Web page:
Original music comes out from under the covers

Has someone declared 2010 the year of the cover version and not told me about it?

Well if the line-up at the 21st edition of Splashy Fen music festival in Underberg was anything to go by, the answer is yes.
Punters moaned and groaned as they were subjected to band after band ripping through their favourite songs.

Jimi Hendrix was butchered, Bob Dylan was murdered and one band managed to ruin the White Stripes’ Seven Nation Army for good.

Whether it was the Redhand Blues Band’s Tom Waits pastiche or the Meditator’s endless revamping of Bob Marley’s songbook, my friends and I were left crying out for something original.

One positive that arose from this dire situation was that when a band hit the stage that could be described as “the real deal”, it was blatantly obvious.

Splashy Fen had four such bands in 2010.

On Thursday night it was Jo’burg’s blues monsters, The Shadow Club, who returned for a main-stage show after being the talk of the festival’s smaller stage last year.

On Friday night South Africa’s premier reggae band, Tidal Waves, took to the stage to show everyone how it is done, including Bellville’s New Holland, Fokofpolisekar and Die Heuwels Fantasties, who paled in comparison.

On Saturday the standout act was Tree Houses on the Sea, who made the most of a terrible time-slot just before the Sharks kicked off against the Reds in the Super 14.

But the band was pumped after having just driven back from Jo’burg, where they had won the Durex Ultimate Battle of the Bands, and they took the stage in style.

The six-piece outfit from Durban has a sound that is an addictive blend of hip-hop, rock, soul and jazz.

Vocalist Raheem is a power-house emcee, spitting rhymes like the best in South Africa, but his voice is delicately beautiful, too, and his ability to switch between the two with ease gives this band an original dynamic.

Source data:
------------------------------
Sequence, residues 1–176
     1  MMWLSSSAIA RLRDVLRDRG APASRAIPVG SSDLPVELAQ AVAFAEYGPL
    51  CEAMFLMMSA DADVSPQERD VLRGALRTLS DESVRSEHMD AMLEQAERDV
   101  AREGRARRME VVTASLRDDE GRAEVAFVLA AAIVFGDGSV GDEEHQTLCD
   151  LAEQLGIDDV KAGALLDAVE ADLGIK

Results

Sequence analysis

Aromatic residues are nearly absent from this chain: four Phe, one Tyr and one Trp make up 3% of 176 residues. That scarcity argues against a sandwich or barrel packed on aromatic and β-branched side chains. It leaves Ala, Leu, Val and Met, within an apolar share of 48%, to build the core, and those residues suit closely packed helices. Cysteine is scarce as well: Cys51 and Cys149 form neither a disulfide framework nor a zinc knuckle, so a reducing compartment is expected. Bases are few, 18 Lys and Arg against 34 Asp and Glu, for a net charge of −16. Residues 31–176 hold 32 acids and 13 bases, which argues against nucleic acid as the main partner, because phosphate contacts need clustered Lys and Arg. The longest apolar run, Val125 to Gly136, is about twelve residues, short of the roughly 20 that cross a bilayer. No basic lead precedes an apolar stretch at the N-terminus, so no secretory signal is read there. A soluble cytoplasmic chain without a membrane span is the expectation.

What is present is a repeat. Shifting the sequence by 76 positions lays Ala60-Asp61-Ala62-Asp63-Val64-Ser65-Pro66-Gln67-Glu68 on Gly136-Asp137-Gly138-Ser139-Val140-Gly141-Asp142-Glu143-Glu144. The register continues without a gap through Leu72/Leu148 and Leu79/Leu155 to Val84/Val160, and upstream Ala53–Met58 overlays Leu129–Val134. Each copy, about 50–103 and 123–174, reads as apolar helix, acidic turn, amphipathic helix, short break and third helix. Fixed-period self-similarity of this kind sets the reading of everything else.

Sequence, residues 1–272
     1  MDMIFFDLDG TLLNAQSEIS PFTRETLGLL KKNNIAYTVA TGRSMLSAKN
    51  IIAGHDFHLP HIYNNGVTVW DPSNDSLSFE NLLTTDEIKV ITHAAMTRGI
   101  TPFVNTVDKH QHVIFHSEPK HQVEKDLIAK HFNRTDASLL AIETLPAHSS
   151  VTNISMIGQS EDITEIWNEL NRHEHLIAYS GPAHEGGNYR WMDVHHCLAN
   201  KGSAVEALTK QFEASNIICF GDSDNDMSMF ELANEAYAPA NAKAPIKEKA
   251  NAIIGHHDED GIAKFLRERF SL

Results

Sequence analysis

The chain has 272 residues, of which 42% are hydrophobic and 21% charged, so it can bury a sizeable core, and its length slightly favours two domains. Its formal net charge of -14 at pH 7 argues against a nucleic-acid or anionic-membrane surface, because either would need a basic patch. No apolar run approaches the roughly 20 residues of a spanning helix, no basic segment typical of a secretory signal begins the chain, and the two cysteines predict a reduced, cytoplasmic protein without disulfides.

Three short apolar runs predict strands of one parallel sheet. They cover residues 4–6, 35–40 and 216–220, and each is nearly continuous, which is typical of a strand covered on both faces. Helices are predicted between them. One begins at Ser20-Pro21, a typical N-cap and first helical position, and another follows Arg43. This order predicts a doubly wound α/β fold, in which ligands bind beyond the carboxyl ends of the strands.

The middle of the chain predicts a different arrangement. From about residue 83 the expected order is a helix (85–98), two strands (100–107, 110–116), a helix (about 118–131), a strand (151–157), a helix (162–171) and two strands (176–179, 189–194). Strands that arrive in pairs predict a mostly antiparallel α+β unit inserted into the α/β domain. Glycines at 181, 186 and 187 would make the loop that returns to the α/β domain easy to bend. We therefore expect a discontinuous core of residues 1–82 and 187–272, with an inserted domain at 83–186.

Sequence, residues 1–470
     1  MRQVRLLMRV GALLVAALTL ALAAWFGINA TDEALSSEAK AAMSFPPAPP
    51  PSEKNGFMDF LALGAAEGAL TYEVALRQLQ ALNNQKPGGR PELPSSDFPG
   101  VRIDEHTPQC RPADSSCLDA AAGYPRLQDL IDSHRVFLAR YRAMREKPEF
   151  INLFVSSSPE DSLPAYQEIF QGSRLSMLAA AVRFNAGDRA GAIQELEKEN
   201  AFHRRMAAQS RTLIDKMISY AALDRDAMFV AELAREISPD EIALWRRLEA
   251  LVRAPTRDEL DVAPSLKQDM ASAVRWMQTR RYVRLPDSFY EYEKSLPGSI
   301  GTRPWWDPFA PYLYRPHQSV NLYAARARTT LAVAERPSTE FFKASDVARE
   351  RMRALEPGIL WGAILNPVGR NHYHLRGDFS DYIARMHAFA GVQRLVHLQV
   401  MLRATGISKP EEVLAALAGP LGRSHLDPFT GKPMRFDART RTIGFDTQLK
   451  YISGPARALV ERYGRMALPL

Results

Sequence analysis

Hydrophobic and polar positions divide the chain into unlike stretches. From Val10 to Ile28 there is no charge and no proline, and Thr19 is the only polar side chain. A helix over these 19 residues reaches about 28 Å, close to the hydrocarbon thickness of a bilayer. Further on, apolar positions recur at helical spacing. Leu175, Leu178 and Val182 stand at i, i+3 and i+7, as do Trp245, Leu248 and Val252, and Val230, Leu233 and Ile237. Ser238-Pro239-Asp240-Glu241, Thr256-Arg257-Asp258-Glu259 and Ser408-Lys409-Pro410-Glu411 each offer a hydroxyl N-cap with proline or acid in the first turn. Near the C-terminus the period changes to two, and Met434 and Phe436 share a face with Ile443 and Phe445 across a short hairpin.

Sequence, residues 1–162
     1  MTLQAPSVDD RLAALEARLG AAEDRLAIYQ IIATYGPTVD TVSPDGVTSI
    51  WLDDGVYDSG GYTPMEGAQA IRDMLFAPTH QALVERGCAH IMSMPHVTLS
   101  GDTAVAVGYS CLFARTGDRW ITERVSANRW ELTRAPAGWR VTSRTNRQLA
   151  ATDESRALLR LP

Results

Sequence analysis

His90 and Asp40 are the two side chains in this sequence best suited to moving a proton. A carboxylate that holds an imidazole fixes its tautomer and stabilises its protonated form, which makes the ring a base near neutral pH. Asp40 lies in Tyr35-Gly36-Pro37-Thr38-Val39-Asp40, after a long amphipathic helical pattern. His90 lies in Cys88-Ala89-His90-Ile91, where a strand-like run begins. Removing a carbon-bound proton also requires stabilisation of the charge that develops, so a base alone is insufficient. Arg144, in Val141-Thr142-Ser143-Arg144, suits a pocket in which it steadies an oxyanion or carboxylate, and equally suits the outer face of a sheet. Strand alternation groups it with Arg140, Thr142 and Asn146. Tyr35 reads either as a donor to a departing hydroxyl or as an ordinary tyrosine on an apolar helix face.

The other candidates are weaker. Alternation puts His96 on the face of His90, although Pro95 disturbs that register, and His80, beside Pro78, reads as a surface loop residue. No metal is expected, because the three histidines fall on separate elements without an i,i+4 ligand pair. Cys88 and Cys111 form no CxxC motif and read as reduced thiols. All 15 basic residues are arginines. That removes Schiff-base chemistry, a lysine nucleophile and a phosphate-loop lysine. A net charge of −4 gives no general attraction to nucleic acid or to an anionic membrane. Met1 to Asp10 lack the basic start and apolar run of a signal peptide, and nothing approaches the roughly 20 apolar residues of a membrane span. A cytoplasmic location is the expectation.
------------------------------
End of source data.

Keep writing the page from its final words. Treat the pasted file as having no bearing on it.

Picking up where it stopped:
The tight-knit group is equally incredible, shifting from hip-hop to free jazz at the drop of a hat.

Their debut album, The Return of the Book Thief, is now available and fans of experimental, genre-bending music should seek it out with haste.

Then on Sunday night Californian hardcore outfit Horse the Band dropped in to show the locals what a professional stage show looks and sounds like.

This was one of the band’s last shows on their Southern African tour, which has seen them playing to audiences in places as far flung as Cape Town, Johannesburg, Grahamstown and Maputo.

Their sound has been described as Nintendo-core, after their gaming-inspired, synth-heavy takes on the hardcore punk and metal genres.

Lead singer Nathan Winneke had the audience eating out of his hands with the duality of his stage presence, which oscillated between intense and humorous, and keyboardist Erik Engstrom rocked hard for a man dressed in a banana suit.

It was a fitting end to another cracking Splashy Fen, which had a lot to do with vibe and a lot less to do with the music.
Rumours that the festival will be expanded to seven days next year were doing the rounds on Sunday.

One can only hope that the line-up will be a lot better so that Splashy Fen can stake a claim for South Africa’s premier music festival title and not just its friendliest.

Horse the Band have three shows left in South Africa. On Friday April 9 they are playing The Black Dahlia in Boksburg. On Saturday April 10 they play the Bells Sundowner in Alberton and on Sunday April 11 they play at the Scout Hall in Grahamstown. Click here for an interview with the band.

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Lloyd Gedye
Lloyd Gedye
Lloyd Gedye is a freelance journalist and one of the founders of The Con.

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